The theme of writing has particular importance in the context of fashion studies. Roland Barthes noted already in the middle of the last century that ‘as soon as we observe Fashion, we discover that writing appears constitutive’ (1967: 15). He was referring to the paradoxical phenomenon whereby words play a central role in constructing the meaning of fashion as it is produced and experienced. His consideration can be applied a fortiori to social studies on fashion. Like all the other disciplines in the system of western academic knowledge, fashion studies too makes claims to a theoretical and empirical rigour that should be reflected in how knowledge is communicated through writing in books and articles. Like other objects of study, fashion requires the capacity to analyse and write about it in accordance with established criteria. This is a principle that is beginning to spread in our sector as well. Particularly current, for example, is the debate on fashion criticism, its forms, and the process of legitimacy that it has undergone in recent decades (Granata 2013; McNeil and Miller 2014). The theme of writing acquires special importance when fashion is addressed at academic level because the field of fashion studies is structurally interdisciplinary and is effectively multicultural.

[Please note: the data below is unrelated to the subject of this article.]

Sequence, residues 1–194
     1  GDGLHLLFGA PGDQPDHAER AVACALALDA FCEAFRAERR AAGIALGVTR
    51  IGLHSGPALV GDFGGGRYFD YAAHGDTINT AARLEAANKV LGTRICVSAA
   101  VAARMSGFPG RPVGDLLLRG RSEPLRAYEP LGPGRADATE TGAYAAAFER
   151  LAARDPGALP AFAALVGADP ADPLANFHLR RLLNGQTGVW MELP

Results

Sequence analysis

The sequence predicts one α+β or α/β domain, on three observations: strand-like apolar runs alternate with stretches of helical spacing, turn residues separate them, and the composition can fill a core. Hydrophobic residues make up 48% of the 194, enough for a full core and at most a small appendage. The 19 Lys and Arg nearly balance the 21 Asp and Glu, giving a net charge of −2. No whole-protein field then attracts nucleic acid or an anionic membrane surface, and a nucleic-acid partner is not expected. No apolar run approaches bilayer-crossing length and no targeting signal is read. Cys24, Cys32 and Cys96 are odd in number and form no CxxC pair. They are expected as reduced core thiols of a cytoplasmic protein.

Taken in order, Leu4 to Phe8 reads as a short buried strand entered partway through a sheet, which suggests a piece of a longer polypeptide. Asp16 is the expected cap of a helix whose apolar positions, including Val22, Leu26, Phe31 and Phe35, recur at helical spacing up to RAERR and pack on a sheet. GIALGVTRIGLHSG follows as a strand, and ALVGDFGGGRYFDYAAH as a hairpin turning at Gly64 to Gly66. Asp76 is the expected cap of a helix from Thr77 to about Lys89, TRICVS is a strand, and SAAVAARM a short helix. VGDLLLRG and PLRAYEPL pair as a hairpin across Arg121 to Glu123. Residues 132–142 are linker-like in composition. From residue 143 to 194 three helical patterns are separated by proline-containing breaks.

- academic writing
- fashion studies